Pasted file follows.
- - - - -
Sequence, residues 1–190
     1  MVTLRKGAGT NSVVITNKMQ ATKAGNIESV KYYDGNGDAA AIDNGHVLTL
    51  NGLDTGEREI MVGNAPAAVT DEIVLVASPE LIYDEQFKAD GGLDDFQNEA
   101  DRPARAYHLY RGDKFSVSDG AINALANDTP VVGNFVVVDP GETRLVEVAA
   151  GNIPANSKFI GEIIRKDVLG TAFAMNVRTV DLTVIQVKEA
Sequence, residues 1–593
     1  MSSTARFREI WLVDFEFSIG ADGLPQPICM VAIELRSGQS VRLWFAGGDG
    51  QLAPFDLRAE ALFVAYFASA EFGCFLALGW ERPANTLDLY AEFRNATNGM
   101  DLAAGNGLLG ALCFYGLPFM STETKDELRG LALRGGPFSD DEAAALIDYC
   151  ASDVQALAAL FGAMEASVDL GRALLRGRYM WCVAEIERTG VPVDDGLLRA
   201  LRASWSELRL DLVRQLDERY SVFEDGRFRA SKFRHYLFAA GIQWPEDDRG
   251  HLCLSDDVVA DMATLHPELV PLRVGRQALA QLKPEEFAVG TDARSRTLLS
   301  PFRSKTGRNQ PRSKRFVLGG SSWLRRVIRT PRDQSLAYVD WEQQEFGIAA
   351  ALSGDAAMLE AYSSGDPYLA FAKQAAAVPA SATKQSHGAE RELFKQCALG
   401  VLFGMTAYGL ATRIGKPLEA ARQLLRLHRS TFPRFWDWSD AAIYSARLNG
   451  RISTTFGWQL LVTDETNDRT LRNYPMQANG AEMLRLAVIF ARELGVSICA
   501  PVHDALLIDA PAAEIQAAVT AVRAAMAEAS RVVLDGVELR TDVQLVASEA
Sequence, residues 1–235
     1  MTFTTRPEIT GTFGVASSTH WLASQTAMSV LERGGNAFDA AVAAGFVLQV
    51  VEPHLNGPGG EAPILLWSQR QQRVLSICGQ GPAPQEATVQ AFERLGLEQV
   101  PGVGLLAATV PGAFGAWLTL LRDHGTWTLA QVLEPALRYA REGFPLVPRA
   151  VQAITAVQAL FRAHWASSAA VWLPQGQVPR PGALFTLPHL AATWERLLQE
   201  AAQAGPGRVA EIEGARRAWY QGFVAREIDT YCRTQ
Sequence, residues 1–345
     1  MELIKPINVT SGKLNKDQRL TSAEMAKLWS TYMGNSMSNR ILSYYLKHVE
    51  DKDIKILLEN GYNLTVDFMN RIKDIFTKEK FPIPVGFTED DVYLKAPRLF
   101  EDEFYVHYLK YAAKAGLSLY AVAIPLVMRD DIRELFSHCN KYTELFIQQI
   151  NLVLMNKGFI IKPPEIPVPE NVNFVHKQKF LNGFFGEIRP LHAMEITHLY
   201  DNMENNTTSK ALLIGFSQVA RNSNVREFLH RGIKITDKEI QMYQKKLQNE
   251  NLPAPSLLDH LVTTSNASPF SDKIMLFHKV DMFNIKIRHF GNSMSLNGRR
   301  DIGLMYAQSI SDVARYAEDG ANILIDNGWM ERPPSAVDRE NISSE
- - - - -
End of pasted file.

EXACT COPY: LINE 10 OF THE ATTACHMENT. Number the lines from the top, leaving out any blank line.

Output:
   151  ASDVQALAAL FGAMEASVDL GRALLRGRYM WCVAEIERTG VPVDDGLLRA